Organizations can’t measure the reduction in insider threats after policies, procedures, and training?
[Often they know] it’s going to cost a lot of money, but they’re not sure what they’re going to get out of it … and [because] those programs were usually not carried out by the IS organization … companies tend to not make the right investments in policies, procedures, and education. [Then] on the vulnerability management side, the better the controls people integrate, the harder it is for people to do their jobs.
[Hence organizations need] a more effective way to control authorized user behavior and access to critical information assets, by implementing an infrastructure in which insider behavior … and bad things can be monitored. Or organizations can receive alerts [when] things that should not be happening are. So when it comes to controlling insider behavior … security event management technology [is] the solution to the problem.
What’s your formula for quantifying insider risk?
Risk equals: vulnerability times threat times cost. It’s fairly simple, and what it [says is] there is no risk if there is a vulnerability but no threat that [the] particular vulnerability could be exploited. There would be no risk if there was both a vulnerability and a threat but no cost associated with that vulnerability being exploited.
What’s Consul’s approach to applying tools toward that paradigm?
Consul’s solution … identifies, inside an organization, who are the users or systems who are acting under some level of privilege. It identifies the critical information assets, then it provides you [with] an infrastructure to tell you who is doing what actions on which particular information assets—file, folder, database, etc., on which system, where they’re coming form, what the desktop or workstation they’re using, where they were attempting to go to, and when they were doing it.
What this allows organizations to do is implement a security policy that says my users … are permitted to do these things under these conditions … Or on a more reactive note, it will give the organization a good understanding of the kinds of behavior that have been going on in the organization.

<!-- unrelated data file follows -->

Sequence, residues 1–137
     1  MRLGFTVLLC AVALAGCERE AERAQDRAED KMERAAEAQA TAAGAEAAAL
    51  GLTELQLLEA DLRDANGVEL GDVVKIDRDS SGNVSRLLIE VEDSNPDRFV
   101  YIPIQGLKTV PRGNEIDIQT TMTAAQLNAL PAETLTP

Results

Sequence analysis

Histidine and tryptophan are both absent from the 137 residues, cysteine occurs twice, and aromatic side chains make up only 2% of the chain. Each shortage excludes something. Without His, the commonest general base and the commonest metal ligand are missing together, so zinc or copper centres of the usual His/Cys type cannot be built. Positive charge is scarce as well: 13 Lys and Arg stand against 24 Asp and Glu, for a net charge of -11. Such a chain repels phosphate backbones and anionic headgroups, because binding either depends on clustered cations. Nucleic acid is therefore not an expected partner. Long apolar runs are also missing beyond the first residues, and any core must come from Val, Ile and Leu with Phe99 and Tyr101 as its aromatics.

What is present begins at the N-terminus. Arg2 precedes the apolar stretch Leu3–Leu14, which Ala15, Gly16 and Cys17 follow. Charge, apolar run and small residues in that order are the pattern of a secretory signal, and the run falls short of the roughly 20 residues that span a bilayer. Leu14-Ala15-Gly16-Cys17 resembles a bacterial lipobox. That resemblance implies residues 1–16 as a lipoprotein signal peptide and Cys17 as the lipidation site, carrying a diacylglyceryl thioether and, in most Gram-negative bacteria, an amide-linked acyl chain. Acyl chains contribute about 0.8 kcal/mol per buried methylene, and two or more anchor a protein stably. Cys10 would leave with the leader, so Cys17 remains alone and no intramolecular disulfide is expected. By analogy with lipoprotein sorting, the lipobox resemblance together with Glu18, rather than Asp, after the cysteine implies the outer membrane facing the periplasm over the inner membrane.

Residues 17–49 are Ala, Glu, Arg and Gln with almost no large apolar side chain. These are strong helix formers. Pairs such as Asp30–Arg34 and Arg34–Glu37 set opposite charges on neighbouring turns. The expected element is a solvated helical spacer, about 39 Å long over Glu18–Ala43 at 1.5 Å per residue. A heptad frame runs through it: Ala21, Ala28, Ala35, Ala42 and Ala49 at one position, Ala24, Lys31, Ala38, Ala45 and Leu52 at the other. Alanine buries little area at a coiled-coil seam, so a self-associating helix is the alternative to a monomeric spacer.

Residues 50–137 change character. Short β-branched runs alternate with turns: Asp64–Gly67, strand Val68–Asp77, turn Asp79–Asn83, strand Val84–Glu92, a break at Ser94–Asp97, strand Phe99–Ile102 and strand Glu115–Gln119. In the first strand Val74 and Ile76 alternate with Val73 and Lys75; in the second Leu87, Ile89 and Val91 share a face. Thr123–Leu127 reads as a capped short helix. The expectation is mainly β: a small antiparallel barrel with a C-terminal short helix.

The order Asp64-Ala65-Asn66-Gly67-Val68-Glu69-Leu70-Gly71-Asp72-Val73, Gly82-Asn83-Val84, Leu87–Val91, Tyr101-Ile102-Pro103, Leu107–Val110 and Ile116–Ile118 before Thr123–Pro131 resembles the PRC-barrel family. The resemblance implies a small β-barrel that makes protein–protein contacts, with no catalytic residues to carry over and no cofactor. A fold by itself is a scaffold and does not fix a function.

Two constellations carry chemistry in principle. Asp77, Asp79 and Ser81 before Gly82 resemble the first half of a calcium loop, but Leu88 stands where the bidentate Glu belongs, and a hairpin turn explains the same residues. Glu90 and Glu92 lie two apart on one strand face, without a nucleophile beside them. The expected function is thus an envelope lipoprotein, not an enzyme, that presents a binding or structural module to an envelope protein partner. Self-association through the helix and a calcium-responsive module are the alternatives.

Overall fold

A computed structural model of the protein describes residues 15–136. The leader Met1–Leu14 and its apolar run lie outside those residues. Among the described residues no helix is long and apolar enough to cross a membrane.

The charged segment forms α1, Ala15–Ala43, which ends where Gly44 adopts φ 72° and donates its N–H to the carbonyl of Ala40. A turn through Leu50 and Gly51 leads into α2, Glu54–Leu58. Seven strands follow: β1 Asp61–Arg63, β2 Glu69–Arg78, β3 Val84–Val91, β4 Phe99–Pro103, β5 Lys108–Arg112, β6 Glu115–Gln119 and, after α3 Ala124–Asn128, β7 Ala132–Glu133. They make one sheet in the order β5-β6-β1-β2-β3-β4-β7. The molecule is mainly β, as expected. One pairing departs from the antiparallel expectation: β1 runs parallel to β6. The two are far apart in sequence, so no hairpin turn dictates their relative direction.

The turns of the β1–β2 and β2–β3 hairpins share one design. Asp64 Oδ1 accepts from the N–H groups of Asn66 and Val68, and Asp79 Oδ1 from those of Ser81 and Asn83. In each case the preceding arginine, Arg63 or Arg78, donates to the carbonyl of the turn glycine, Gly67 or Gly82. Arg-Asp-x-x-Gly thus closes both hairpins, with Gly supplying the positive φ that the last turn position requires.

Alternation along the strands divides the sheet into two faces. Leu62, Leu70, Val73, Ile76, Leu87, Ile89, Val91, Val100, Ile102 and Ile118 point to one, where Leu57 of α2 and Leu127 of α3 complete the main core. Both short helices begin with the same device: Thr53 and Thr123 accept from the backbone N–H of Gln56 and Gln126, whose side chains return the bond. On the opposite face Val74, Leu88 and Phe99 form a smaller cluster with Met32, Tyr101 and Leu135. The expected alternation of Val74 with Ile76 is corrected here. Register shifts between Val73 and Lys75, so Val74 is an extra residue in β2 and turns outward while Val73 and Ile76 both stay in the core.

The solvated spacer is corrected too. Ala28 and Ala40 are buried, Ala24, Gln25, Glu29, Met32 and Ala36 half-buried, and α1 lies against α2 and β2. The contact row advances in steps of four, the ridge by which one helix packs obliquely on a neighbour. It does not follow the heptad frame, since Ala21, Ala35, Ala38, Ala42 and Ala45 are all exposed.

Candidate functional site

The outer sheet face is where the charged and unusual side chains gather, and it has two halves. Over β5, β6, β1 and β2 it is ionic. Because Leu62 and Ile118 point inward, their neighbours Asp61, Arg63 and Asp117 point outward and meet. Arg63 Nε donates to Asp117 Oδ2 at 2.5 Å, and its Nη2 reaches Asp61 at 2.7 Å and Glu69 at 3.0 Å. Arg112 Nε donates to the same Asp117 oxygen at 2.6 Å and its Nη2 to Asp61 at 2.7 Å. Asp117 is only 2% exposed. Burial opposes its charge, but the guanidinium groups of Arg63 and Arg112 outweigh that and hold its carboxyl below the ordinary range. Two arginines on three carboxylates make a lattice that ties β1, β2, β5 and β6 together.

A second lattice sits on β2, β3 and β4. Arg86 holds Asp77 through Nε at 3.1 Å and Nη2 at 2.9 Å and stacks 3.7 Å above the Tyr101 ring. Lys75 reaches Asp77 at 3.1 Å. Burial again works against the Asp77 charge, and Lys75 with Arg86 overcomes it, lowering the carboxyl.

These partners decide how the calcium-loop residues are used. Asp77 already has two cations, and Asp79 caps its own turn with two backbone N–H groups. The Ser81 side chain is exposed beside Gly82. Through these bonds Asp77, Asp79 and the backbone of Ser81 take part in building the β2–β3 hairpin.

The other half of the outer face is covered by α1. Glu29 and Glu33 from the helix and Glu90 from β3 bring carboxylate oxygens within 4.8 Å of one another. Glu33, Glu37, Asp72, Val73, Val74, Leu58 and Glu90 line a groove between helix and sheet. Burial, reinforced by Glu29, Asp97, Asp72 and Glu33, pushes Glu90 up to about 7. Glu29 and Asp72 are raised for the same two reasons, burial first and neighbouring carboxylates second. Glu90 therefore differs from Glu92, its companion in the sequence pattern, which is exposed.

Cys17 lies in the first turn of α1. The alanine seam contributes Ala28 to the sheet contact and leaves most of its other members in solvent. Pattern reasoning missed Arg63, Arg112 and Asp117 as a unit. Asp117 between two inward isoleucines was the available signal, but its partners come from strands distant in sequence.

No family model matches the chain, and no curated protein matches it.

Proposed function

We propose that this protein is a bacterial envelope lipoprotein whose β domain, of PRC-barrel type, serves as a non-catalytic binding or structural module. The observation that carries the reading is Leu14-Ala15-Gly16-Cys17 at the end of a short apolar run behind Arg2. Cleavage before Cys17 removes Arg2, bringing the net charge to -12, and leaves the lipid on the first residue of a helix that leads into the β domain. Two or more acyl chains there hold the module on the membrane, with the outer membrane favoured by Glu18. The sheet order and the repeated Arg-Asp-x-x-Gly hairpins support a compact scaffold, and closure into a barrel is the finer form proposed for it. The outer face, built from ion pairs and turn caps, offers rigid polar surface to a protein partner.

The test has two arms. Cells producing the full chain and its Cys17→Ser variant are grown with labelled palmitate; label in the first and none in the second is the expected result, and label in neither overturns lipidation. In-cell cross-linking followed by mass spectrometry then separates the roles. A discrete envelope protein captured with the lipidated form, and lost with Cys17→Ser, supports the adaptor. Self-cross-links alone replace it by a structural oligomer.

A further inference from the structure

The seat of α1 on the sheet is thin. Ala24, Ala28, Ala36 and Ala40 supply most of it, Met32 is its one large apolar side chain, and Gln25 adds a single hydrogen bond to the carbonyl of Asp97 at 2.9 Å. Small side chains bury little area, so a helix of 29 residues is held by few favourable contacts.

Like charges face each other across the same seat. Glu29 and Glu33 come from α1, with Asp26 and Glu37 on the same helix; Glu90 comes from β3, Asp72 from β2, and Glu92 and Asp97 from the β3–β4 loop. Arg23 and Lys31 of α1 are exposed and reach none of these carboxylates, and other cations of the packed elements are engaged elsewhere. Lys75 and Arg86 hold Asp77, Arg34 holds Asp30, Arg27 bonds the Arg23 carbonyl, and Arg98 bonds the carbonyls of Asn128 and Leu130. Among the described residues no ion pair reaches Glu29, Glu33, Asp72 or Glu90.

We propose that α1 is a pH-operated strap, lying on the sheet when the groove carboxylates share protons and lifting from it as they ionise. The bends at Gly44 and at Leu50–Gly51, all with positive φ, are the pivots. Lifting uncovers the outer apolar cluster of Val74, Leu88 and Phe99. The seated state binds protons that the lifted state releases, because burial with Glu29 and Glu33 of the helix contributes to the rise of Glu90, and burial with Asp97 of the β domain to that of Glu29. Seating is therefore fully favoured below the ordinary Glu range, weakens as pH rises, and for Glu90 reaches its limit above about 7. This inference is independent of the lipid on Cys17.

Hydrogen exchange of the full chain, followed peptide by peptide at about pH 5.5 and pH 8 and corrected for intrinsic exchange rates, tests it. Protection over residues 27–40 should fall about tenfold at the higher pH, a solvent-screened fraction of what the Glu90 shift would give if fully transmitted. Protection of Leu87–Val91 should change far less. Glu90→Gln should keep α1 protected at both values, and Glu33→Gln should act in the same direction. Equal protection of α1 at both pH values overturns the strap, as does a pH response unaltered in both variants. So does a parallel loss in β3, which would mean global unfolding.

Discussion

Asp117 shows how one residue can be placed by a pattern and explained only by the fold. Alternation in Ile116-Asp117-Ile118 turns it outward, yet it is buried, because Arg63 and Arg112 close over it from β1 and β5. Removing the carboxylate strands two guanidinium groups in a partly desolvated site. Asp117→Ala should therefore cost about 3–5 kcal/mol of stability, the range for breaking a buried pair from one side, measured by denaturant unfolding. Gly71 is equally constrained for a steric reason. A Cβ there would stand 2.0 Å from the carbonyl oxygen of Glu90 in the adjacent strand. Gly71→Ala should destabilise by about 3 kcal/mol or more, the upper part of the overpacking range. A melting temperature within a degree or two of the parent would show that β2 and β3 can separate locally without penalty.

When organizations assess what’s really happening, what do they often find?
People do dumb things that affect [security]. Developers, for example, disable their antivirus protection so they can compile more quickly. [Or] IT administrators have a user within the organization who’s just annoying—can’t get into this or that, or a salesperson who needs to use chat or install a program—so [administrators give] these users power-user or administrator privileges … They do this to promote efficiency, but it’s dumb because they’re handing out the keys to the kingdom, and organizations don’t know where these holes are.
[In another situation] an administrator was following the RIM [Research In Motion] guide for BlackBerries … installed [BlackBerry server software] into a Notes environment, … and he created a loop and brought down their mail system. What [administrators] do can cause havoc in the organization.
Sometimes when you do things by the book, it still creates problems?
Had an organization really instituted those critical policies, procedures, and standards, whereby any new software had to be tested within a test environment [it would have prevented this situation] … [But] from a technology perspective, what’s faster and easier is if you have a solution that told you who did what, where, and when. You’d be able to go back and tell. The problem is, in most organizations, an individual does [something] and doesn’t realize the effect that [that something] has had on that particular system or server. In this particular case, the infrastructure was down for almost two days, because they thought it was a problem with the operating system.
Should automated monitoring get more focus than, say, education, with its hard-to-measure ROI?
I am by no means saying that a proactive, preventative health programs implemented in an organization don’t provide dividends … I highly advise our customers to implement those kinds of programs. But … [most organizations] have a hard time getting their arms around users. A paradigm is needed … to give them the tools to see who did what action and within what time frame. What I’m excited about is the fact that this technology is now available [and] … we’re going to be more effective because these technologies are available.